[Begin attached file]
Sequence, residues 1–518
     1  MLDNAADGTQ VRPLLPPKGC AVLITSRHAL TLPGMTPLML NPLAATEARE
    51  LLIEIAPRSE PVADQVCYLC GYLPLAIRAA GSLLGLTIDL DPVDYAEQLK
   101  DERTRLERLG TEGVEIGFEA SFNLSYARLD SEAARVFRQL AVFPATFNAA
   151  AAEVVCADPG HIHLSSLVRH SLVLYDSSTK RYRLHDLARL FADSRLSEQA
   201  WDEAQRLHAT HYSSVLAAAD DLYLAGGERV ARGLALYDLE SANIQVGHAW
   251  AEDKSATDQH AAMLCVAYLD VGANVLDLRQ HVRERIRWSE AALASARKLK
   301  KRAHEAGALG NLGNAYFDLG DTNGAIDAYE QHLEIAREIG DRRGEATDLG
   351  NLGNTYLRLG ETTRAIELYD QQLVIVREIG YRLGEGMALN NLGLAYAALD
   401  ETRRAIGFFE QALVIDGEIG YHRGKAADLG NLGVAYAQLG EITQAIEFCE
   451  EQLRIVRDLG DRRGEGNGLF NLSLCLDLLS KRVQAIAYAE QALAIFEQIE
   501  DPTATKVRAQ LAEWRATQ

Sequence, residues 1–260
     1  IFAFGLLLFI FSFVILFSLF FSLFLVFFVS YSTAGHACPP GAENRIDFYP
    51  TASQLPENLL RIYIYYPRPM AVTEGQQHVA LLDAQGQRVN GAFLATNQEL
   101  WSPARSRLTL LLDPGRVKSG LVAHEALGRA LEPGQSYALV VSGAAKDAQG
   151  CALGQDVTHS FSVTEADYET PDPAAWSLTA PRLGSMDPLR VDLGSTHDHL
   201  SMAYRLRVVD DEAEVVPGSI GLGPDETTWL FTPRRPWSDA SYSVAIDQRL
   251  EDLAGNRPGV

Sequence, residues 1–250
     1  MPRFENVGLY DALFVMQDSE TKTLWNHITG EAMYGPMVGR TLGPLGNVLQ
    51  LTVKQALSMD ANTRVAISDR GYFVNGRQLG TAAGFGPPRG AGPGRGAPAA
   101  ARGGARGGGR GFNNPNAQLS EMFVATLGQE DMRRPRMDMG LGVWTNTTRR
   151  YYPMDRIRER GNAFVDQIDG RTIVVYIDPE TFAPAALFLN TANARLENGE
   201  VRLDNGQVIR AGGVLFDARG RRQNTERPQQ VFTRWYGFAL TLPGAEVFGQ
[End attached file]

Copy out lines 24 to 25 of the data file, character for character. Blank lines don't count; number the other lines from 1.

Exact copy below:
   151  YYPMDRIRER GNAFVDQIDG RTIVVYIDPE TFAPAALFLN TANARLENGE
   201  VRLDNGQVIR AGGVLFDARG RRQNTERPQQ VFTRWYGFAL TLPGAEVFGQ